Tennis in Stuttgart: Kyrgios freaks out at Murray Landel

Oscar Otti didn’t attend, so Matteo Berrettini spoke first, who was now allowed to play in Sunday’s final at the ATP Tour in Stuttgart and was relieved that his little finger was fully functional after surgery. And Tony Nadal, the uncle of 22-times Grand Slam winner Rafael Nadal, who coached Mallorcan for many years, also paused – to announce a sponsor, but also to say his nephew was most likely able to compete at Wimbledon. After his 14th French Open title, his chronically ill foot was treated. From Monday, Nadal plans to train at Mallorca Country Club, where the ATP Championships will also start on June 19. “I’m sure if he would have a little chance of playing at Wimbledon,” Toni Nadal said.

Then Ooty came. In his incomparably extroverted manner, he immediately asserted: He was having “a few headaches.” This formula was reminiscent of Horst Schlammer, who always had a great back.

However, Hape Kerkeling, who created this great fictional character at the time, was not as good a tennis player as Oskar Otti, 28, from Cologne, who must be well remembered by the German tennis scene now. He was eliminated on Saturday with a narrow 6:7 (7), 6:7 (4) defeat against Brittney. But he also came to the conclusion: “Overall it was a really good week.”

‘The chances were there’: Oscar Otti, 28, of Cologne was a bit annoyed by missing out on the final.

(Photo: Tom Wheeler/dpa)

In the so-called live ranking, Otte actually made it into the top 50 the first time by once again reaching the semi-finals of an ATP tournament in the 250 class within a few weeks. With Andy Murray, 35, reaching the final, defeating Australian Nick Kyrgios 7:6 (5), defeating 6:2, he just slipped again until the new world rankings were published on Monday. But the moment was “emotional” for him when he reached the top of the world rankings for the first time. With a light in his eyes, Utey said, ‘His dad just sent him a video when I was a little kid. I don’t even know where he dug it and why it was taped by a TV station earlier. I said when I was a little boy that I once wanted to be from Among the top 50 positions. So the story of Otti is the story of a dream come true.

After the match, Otty traveled by car to Halle – this is a daily business in tennis

He was still disappointed that he missed his first ATP Final, but he shared the view of his veteran coach Peter Moraing, who thought Ooty could leave Stuttgart with his head held high. After all, he also had a world number 16. He defeated Denis Shapovalov and “received only one break in the entire tournament”, which means that he held it only once. “At the same time, it’s the same for me, when I play in the ATP tournaments, I want to go far,” Otti said. “The semi-finals are always good in terms of points, that’s my goal.” After Saturday, he drives to Halle, where the grass championship is being held in the 500 class – that’s a day job in tennis.

Stuttgart gets a great final even without a German participation, as 26-year-old Romer Berrettini reached the 2021 Wimbledon final. Old Mills Murray, the eternal fighter with a prosthetic hip, on the other hand, has proven himself ready for this turf season, though He only had to push himself to the limit for one set on Saturday. “The second set wasn’t really fun,” he said after reaching his 70th final match of the tour, amidst all praise for all the performances he had done in Stuttgart before. “It’s no longer a real match.” This was only because of Kyrgios, who, having behaved decently in the previous games, still lives in the demon in the Murray-Ländle.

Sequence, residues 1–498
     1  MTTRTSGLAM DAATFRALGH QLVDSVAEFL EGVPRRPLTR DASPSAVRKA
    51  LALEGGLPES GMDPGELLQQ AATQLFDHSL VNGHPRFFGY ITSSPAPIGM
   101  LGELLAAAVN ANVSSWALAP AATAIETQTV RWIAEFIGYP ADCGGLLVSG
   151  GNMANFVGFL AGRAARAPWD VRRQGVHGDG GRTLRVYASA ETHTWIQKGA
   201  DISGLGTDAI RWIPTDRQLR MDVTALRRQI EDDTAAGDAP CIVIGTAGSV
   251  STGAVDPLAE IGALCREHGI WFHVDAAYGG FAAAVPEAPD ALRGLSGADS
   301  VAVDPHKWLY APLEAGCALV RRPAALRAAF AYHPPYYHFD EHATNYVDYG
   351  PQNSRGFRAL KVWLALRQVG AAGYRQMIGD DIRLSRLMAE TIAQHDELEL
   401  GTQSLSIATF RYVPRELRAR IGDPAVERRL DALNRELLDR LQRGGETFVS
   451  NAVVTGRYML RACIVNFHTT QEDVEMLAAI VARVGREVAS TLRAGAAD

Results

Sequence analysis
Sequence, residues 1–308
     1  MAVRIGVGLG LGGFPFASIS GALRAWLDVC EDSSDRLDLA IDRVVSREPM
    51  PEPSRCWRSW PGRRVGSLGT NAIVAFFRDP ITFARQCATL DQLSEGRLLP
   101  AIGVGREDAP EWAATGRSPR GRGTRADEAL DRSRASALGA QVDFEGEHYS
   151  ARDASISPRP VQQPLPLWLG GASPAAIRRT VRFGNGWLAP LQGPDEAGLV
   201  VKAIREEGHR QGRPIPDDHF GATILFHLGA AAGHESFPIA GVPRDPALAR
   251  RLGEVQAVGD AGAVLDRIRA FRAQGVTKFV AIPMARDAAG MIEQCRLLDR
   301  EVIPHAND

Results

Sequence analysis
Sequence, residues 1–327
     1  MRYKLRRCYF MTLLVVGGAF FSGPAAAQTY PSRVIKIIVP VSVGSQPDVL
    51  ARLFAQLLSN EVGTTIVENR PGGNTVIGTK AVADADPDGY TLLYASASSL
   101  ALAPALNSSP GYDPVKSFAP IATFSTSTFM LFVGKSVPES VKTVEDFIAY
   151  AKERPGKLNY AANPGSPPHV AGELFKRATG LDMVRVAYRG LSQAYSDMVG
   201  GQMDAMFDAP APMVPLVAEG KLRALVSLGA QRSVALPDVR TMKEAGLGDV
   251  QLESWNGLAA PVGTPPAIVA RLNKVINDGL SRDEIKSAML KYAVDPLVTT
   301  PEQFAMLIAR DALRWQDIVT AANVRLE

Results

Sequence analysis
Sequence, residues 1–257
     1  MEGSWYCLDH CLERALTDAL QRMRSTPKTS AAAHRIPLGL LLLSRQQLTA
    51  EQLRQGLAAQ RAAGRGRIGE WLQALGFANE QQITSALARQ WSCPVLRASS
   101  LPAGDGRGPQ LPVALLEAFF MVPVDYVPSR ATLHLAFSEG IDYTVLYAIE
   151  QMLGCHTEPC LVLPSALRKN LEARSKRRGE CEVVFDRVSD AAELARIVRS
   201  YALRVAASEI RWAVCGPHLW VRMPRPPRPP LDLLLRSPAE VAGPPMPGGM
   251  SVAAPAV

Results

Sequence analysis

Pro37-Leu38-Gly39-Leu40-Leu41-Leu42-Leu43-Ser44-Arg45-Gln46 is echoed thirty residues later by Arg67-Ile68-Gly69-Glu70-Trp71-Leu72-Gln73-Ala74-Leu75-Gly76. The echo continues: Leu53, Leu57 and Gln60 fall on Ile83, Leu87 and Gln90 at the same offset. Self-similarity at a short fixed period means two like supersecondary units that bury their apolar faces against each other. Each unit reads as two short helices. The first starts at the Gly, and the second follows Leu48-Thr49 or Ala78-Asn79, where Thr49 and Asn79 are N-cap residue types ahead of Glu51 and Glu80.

Tennis Championships in Stuttgart: Cries of Joy: Andy Murray has reached the ATP Final for the 70th time.

Cry of Joy: Andy Murray has reached the 70th Pro Tour Final.

(Photo: Julia Rahn/Press Photo Baumann/Imago)

The first set was tight, with one of the longest rallies, Murray took a 7-5 win in the first half – from that moment on it looked like someone had lit a fuse that led straight to Kyrgios. After the monologues he gave before and after performances he never wanted to finish anyway, he’s now crossed the border. Blow the ball away. warning. The bat pierced. Point for Murray. Verbal belittling someone in the audience. Murray game. Within minutes, Kyrgios’ resistance was broken. Another crime could have been committed and disqualified. “He has the potential to be one of the best players,” Murray said. What he did not say, but echoed in this sentence: Kyrgios was often in his own way.

Later on Saturday evening, he released a statement on Instagram justifying his altercation with a viewer. He was racially insulted, and someone shouted at him, “Little black sheep, shut up and play.” And that, according to Kyrgios, is “unacceptable. If I defend myself then against the crowd, I get a penalty. Something mixes up there.” The accident should definitely be investigated by the ATP.

In any case, Murray was pleased with his big lead in the championship. “Compared to last year, I move better on the grass, some things give me courage,” he said. The final against Brittany won’t start until 3pm on Sunday, before the doubles final between Tim Potts/Michael Venus and Hubert Hurkacz/Mate Pavic takes place.

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